Health risks of homelessness

Few things matter more to people than their health. But when you have access to plenty of food, water, medical care and support, it can be easy to take your good health for granted.

When you don’t have a home, all of this can break down. People who are homeless are at greater risk from a variety of illnesses compared to the general public.

This year Homeless Link completed a health audit, using information from 2,500 people to determine the health problems experienced by those who are homeless. This report which continues on from data published by the charity every year since 2010, looks at physical and mental health, substance misuse and use of medical services, as well as the cost of illness and recommendations of policy changes.

Homelessness can contribute to poor health for a number of reasons, such as rough sleeping leading to exposure, alcohol and drug use, a poor diet, abuse and lack of access to medical care. But poor health can lead to financial strain caused by medical bills, an inability to work and sustain yourself, as well as depression and stress, all of which can make you more likely to become homeless. This leads to a vicious cycle- homelessness contributes to ill health, and ill health makes it harder to overcome homelessness.

Compared to the general public, the homeless population are more likely to suffer almost all long term physical health problems, particularly joint and muscle, breathing and vision problems. One exception is heart and circulatory problems which are less prevalent, possibly because these conditions occur later in life, and the average age of people who are homeless is low. The average age of death for those who are homeless is between 43 and 47.

The percentage of the homeless population who have diagnosed mental health problems (45%) is almost double that of the general public (25%). People who are homeless are 10 times more likely to experience depression, and 3 times more likely to suffer from schizophrenia. Also, 10% of those surveyed had a ‘dual diagnosis’ of mental health and substance abuse issues. Having a dual diagnosis can cause services to restrict support, as they are unable or unwilling to help people who are using drugs or alcohol. Unfortunately, the inability to get support leads people to self-medicate with drugs and alcohol, which only increases their problems.

Of the people who took part in the audit, 39% said that they were taking drugs or recovering from a drug problem, while 36% said they had taken drugs during the last month. Cannabis was the most commonly used drug, followed by prescription drugs that had not been prescribed for them, and heroin. Alcohol misuse was also a big issue: 27% of respondents reported they were recovering from an alcohol problem. Around two thirds said they drink more than the recommended amount each time they drink, and more than a third drink twice or more times a week. The data suggested that men drink more frequently than women.

Given the poor health associated with homelessness, it is unsurprising that those who are homeless are ‘heavy users’ of health services. The number of hospital admissions and A&E visits for the homeless population is four times more than the general public. This adds up to a cost of £85 million per year. Of those surveyed, 35% had been to A&E in the last 6 months, but around 45% didn’t have anywhere suitable to go upon leaving the hospital. Those who are forced to sleep rough after receiving medical treatment are less likely to recover, and as a result the expense of the care is wasted, putting a strain on the NHS. The main reason respondents gave for using A&E was violent incident or assault. Clearly, housing needs have to be addressed alongside medical needs, otherwise the cost is increased for everyone.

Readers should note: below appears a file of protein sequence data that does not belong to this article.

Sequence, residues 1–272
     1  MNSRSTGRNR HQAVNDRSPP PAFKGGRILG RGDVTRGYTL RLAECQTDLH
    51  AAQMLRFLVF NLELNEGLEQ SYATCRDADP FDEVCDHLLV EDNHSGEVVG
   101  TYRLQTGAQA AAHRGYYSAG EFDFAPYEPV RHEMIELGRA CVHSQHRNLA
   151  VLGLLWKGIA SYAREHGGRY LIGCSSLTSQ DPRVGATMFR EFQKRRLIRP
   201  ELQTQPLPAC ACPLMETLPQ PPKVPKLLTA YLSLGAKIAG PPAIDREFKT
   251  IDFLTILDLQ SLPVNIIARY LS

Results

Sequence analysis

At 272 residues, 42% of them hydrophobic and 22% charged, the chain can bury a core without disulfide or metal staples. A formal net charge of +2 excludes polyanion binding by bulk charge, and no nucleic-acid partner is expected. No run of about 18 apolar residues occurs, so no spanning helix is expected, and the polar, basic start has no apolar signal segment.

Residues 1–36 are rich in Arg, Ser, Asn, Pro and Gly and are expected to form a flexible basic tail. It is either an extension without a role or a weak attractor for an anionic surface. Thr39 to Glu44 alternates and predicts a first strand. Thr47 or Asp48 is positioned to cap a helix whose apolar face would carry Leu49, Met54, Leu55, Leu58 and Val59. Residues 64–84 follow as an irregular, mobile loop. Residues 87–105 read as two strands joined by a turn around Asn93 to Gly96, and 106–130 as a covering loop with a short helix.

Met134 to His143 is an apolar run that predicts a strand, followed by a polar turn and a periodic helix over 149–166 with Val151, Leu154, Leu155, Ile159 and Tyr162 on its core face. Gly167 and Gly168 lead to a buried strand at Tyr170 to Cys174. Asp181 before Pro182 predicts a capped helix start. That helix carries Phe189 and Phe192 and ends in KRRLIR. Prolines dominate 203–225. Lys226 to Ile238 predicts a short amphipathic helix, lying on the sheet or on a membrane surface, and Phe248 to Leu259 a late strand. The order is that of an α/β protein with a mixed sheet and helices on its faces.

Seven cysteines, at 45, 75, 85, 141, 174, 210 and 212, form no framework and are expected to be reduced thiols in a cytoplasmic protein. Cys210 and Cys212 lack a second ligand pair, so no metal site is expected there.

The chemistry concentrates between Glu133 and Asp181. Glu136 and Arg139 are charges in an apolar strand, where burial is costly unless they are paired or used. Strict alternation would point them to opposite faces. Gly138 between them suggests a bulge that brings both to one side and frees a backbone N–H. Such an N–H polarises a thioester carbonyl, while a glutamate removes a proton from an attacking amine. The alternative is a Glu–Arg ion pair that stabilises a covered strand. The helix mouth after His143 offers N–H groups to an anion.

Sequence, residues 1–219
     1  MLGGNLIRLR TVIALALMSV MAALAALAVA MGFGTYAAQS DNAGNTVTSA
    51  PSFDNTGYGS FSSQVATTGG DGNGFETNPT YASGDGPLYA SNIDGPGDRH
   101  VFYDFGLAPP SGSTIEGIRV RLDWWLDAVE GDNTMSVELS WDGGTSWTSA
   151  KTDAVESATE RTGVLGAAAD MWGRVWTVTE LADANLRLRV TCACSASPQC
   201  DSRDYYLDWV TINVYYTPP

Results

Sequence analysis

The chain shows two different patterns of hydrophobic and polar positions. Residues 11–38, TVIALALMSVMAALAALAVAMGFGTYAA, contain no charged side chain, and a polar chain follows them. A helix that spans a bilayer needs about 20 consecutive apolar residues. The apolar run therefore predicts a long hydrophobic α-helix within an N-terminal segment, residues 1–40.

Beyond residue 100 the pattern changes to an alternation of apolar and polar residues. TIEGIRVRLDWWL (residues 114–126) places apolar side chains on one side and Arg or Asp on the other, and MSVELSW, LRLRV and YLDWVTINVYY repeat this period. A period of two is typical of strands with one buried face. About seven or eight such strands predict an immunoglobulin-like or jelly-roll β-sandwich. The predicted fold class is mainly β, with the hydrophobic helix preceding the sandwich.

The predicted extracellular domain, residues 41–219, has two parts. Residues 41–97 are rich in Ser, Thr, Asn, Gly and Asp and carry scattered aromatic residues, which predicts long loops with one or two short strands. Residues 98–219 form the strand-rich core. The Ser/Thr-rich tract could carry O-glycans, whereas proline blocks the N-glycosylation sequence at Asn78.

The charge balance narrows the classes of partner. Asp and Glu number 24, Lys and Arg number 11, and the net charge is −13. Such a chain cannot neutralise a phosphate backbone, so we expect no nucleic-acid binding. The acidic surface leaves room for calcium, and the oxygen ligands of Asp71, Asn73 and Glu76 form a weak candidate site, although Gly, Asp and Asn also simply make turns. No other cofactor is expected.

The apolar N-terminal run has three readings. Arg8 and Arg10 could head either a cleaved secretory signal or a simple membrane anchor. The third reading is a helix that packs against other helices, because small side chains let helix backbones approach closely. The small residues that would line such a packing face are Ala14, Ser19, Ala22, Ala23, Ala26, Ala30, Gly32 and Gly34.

The data of the study confirmed that there are strong links between health and housing situation. Those who were rough sleeping, squatting or in other forms of precarious accommodation had higher levels of poor physical health, as well as drug and alcohol problems.

Given the strong link between homelessness and ill health that this survey indicates, Homeless Link recommends better care, better commissioning, better policies, and stronger inspection and accountability as four areas of improvement. All modest proposals, geared towards people who are homeless receiving the same rights and services as anyone else, including registration with a GP, a free check up and care plan, substance misuse services, access to both housing and healthcare, and policies and procedures that guarantee these.

The ill health and incomplete treatment of people who are homeless hurts us all, not just morally but also financially. Given the cost that short term solutions have on our public services, why is it still so hard to get reliable medical treatment to the people who both use  and need it the most? The good news is that in the past few years beneficial policy changes have been made. In 2010, the government launched Inclusion Health, a programme to improve health services through better commissioning and leadership, with a focus on people who are homeless. Since then, a number of legal changes have been made to reduce inequalities between patients when it comes to accessing services, including post-hospital care and accommodation. But the figures for this year show that this is only the beginning. Given the increase in rough sleeping, the reduction of welfare expenses, and the lack of investment in homelessness services, more than a plaster needs to be put on the deep wound that homelessness causes society.

Alex Charlton